If you’ve been reading this blog for any length of time, you’ll know that I frequently utilise the titles of favourite songs of mine. Tomorrow may indeed be a long time for Nepal. On 15 January UNMIN (United Nation Mission In Nepal) left Nepal ,leaving a number of unresolved issues. The key one is the integration of the Maoist forces into the Nepal Army. The Peace Process still holds,and I’ve got used to reading statements in the press from all parties which appear little more than posturing.
Karin Landgren’s summing up of UNMINs time in Nepal can be found here , but this extract probably will suffice. Its a bit long, but provides a context..
The historic 12-point agreement which the warring parties signed in 2005 committed them to establishing absolute democracy in Nepal, but completing the course and managing the process have now become acutely challenging. Deep divisions have emerged over its direction and the sequencing of steps, especially in respect of the future of Maoist army personnel and the promulgation of the new constitution. While Nepal’s dramatic political gains are not likely to be reversed, the risks have clearly grown. There have at times been fears among many Nepalis over the prospect of a ‘peoples’ revolt? which remains an explicit Maoist threat; of the President stepping in, as recently called for by the Vice-President should the parties fail to find a way forward; or of an army-backed coup. Any such measures would sorely threaten peace and Nepal’s fragile democracy.
Adopting the new constitution should close the door firmly on any undemocratic governance alternatives, of which the UN has also repeatedly warned. Parties on both the left and the right will need to show patience and remain faithful to the core documents of the peace process. The traditional parties need to demonstrate that their intention was not simply to marginalise the Maoists through day-to-day politics, while the Maoists must demonstrate unambiguously that they intend to abide by democratic politics.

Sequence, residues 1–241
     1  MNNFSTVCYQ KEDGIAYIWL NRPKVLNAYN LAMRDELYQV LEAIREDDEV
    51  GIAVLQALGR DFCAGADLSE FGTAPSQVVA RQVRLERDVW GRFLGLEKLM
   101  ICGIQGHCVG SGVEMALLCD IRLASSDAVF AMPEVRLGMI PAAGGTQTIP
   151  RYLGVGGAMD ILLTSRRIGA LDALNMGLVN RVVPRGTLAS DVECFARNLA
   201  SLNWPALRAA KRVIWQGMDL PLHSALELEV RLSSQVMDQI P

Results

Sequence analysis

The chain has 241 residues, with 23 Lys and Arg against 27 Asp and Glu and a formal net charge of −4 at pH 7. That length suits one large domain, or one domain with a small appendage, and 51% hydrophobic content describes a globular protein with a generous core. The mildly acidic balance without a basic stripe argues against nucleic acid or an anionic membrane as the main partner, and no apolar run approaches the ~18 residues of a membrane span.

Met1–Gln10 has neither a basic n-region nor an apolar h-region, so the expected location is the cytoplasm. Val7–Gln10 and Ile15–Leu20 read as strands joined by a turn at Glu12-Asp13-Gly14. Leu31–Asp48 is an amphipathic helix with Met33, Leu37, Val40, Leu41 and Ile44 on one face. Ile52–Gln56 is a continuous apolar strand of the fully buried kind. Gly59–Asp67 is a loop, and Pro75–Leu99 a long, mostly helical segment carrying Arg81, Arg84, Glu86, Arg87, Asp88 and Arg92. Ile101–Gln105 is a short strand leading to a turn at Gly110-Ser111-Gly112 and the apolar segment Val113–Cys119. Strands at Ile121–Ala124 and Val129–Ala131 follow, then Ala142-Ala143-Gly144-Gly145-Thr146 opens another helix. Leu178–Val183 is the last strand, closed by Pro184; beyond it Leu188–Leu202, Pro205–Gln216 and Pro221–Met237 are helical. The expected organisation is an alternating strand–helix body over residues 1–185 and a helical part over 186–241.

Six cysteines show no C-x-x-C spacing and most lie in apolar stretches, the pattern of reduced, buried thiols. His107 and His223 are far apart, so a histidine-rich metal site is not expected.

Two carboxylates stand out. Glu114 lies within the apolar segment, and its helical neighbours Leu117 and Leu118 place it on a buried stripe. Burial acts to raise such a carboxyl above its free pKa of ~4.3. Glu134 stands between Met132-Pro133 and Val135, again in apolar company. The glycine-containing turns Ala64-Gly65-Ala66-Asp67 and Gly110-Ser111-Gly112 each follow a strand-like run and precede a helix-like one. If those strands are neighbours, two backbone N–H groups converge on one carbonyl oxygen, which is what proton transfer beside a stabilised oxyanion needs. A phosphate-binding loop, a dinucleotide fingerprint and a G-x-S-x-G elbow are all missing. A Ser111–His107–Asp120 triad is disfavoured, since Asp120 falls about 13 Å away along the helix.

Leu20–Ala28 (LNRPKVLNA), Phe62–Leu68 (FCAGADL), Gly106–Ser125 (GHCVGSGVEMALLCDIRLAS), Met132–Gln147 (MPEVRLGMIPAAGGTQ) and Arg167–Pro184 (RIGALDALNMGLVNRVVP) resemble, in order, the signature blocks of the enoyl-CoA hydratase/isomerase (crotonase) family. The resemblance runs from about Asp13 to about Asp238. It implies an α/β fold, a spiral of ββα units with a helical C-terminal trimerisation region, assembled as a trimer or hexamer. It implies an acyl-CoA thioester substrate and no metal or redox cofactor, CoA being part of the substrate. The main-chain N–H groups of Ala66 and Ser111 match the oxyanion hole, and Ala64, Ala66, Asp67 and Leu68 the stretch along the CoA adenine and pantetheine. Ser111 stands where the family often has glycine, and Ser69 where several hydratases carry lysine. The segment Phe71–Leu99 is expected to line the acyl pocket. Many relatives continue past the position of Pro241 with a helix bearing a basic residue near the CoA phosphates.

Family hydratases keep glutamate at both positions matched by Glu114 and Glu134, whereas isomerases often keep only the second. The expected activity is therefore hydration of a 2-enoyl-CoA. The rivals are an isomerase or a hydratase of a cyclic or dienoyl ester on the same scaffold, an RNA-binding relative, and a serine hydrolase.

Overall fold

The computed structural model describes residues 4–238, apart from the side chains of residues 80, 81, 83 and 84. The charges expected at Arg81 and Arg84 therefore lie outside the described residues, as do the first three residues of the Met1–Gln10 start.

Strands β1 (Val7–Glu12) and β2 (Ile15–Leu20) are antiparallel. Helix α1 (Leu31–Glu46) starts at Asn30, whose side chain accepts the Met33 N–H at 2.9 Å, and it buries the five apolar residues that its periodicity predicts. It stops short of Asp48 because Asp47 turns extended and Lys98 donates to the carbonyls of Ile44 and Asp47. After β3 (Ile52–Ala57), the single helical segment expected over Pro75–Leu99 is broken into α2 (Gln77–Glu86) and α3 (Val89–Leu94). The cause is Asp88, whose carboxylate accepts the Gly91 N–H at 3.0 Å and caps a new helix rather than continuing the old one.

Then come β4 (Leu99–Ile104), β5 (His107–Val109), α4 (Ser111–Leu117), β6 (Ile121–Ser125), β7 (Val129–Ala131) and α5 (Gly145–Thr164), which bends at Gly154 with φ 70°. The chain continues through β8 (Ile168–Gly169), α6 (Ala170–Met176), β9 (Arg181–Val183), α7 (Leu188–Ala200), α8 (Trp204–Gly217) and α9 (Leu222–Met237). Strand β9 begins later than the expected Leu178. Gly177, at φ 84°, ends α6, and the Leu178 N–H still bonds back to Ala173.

This peace process can be brought to a close in two ways: satisfactorily, through the negotiated resolution of outstanding issues, or abortively, with one or more parties reneging on their solemn commitments. Setbacks and challenges are inevitable but it is in the interest of the country, the region and the international community as a whole that the peace process be maintained, respected, and steered to a proper close. UNMIN has continued to encourage dignified negotiated solutions, which require a moderation of positions on all sides. The parties can build on the dialogue that has been their longstanding strength; shun the demonising of one another, and sidestep the broad array of spoilers. At this moment, we encourage them to come to rapid agreement on the future of the monitoring of arms and armies.
The saga of the non-appointment of a prime minister may be drawing to an end and the governance of Nepal may yet get concluded in the coming year. Even as I write, different newspapers offer alternative analyses of the current ‘state of the nation’, and there does appear to be a positive note running through some of what is being written. However, in the nine months I’ve been here, I’ve learned that things can change with incredible rapidity…or perhaps slightly more accurately, things don’t change at all! We’ll see…